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Woman working with coffee beans
Coffee is one of Ethiopia’s main exports, but EU deforestation rules could cost the country US$1 billion a year. Yaroslav Astakhov / shutterstock

New EU trade rules could put poor countries in a billion dollar ‘green squeeze’

The EU parliament has just approved sweeping new rules that will require companies to avoid and mitigate human rights and environmental abuses in their supply chains.

These are noble aims. They have been a long time coming. But without careful design and more proactive support for business and suppliers in the developing world, there are real risks of well-intentioned policies putting the poorest countries in a “green squeeze”.

The current concerns – voiced by many different types of developing countries – are that the new EU green trade measures are penalising poorer producers exporting into the bloc, and all to address a climate crisis they didn’t cause.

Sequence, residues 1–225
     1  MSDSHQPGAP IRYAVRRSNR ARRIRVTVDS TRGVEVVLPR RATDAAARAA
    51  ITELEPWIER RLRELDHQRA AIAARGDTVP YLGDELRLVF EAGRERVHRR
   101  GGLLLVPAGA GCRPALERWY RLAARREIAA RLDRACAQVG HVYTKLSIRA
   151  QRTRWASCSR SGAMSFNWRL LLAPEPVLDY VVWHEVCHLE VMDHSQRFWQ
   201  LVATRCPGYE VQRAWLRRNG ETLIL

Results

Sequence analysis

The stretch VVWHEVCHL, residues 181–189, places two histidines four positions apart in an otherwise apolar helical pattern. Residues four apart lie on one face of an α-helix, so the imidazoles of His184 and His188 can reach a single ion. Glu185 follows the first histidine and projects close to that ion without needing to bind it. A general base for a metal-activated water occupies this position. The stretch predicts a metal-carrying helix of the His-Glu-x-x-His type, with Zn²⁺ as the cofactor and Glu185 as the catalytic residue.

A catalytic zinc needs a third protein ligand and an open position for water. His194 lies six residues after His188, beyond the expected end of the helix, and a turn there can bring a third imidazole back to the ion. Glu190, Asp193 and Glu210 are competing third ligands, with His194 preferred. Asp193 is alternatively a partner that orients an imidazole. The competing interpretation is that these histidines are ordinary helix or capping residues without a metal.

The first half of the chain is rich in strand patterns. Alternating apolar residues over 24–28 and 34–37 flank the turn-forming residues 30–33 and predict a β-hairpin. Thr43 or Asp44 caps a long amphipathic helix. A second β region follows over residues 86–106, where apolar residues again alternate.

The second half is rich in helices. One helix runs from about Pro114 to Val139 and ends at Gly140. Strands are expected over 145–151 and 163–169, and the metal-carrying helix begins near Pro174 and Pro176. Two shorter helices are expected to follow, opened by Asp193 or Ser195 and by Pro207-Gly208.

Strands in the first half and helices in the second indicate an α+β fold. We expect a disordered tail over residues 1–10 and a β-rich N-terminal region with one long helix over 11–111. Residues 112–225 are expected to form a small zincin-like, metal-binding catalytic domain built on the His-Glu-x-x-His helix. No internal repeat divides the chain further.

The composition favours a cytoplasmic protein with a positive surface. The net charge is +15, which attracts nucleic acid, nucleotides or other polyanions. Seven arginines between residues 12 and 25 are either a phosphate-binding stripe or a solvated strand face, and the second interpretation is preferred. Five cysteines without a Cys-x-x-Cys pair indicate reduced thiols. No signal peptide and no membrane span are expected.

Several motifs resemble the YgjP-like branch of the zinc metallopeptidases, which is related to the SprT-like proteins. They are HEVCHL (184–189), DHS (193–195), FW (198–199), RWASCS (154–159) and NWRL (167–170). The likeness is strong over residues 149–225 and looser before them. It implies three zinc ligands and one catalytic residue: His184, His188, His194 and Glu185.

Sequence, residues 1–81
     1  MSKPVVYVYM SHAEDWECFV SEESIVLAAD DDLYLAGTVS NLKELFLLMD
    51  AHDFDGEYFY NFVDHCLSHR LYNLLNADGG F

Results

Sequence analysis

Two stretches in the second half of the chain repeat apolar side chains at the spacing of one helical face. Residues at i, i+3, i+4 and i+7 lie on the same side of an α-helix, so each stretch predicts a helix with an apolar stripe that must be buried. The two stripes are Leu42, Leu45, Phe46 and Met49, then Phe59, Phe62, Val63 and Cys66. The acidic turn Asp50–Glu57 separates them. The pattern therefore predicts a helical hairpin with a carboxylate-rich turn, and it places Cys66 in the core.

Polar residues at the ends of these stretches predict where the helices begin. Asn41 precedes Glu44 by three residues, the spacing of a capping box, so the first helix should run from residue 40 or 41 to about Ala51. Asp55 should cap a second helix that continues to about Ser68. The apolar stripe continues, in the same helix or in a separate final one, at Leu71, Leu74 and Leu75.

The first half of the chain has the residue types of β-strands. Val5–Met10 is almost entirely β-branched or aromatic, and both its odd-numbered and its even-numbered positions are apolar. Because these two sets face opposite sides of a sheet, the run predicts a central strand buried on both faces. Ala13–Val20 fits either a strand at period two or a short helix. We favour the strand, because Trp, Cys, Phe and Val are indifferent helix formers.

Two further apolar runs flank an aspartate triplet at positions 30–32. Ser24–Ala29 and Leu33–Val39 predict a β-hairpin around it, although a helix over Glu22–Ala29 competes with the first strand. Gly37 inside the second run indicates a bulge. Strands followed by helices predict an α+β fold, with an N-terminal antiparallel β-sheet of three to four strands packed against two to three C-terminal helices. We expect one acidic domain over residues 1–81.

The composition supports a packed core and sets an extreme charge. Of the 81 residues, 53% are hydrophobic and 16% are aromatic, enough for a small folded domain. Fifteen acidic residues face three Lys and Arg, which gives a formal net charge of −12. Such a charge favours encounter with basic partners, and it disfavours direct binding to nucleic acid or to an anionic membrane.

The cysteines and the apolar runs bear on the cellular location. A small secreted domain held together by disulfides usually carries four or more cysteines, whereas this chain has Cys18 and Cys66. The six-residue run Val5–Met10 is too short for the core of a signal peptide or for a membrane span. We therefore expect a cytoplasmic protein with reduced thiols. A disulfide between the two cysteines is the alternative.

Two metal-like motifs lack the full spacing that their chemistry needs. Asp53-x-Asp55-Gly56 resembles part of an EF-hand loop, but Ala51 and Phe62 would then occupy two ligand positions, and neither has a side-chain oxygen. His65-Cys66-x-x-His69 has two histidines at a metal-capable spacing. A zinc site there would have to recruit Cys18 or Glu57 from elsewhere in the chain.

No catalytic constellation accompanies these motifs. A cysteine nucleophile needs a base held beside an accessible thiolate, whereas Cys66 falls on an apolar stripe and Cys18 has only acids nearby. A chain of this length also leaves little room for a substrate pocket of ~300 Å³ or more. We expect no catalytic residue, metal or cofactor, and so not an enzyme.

Without more focused support, the EU risks undermining its existing partnerships with developing nations to support global development and trade goals.

The world’s 45 least developed countries may only account for 1% of global merchandise trade but they are home to a quarter of the world’s population, some of them the world’s poorest people. They have limited domestic markets and, because of historical trade (including colonial) relations, typically rely on EU markets and supply chains for around 15%-20% of their exports.

Without accompanying support, the combined effects of the new green trade measures risk increasing barriers to trade that would reduce extreme poverty. The resulting reductions in revenue impede not only development goals, but also efforts by the poorest countries to adapt to climate change.

It’s ironic, because these countries have contributed the least emissions to the climate crisis and are already footing the bill.

A ‘green squeeze’ for the poorest countries